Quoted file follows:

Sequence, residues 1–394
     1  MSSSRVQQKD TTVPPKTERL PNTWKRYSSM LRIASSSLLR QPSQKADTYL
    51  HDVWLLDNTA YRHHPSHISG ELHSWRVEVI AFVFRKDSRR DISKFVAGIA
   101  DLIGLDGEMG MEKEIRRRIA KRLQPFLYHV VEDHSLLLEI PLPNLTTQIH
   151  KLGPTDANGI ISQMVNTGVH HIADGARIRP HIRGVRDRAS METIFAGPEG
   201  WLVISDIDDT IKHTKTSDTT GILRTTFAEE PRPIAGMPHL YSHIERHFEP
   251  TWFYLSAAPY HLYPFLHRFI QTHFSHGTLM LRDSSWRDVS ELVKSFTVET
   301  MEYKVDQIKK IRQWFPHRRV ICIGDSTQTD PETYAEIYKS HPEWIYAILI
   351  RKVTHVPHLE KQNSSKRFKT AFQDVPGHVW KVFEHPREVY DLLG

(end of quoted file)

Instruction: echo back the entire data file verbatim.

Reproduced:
Sequence, residues 1–394
     1  MSSSRVQQKD TTVPPKTERL PNTWKRYSSM LRIASSSLLR QPSQKADTYL
    51  HDVWLLDNTA YRHHPSHISG ELHSWRVEVI AFVFRKDSRR DISKFVAGIA
   101  DLIGLDGEMG MEKEIRRRIA KRLQPFLYHV VEDHSLLLEI PLPNLTTQIH
   151  KLGPTDANGI ISQMVNTGVH HIADGARIRP HIRGVRDRAS METIFAGPEG
   201  WLVISDIDDT IKHTKTSDTT GILRTTFAEE PRPIAGMPHL YSHIERHFEP
   251  TWFYLSAAPY HLYPFLHRFI QTHFSHGTLM LRDSSWRDVS ELVKSFTVET
   301  MEYKVDQIKK IRQWFPHRRV ICIGDSTQTD PETYAEIYKS HPEWIYAILI
   351  RKVTHVPHLE KQNSSKRFKT AFQDVPGHVW KVFEHPREVY DLLG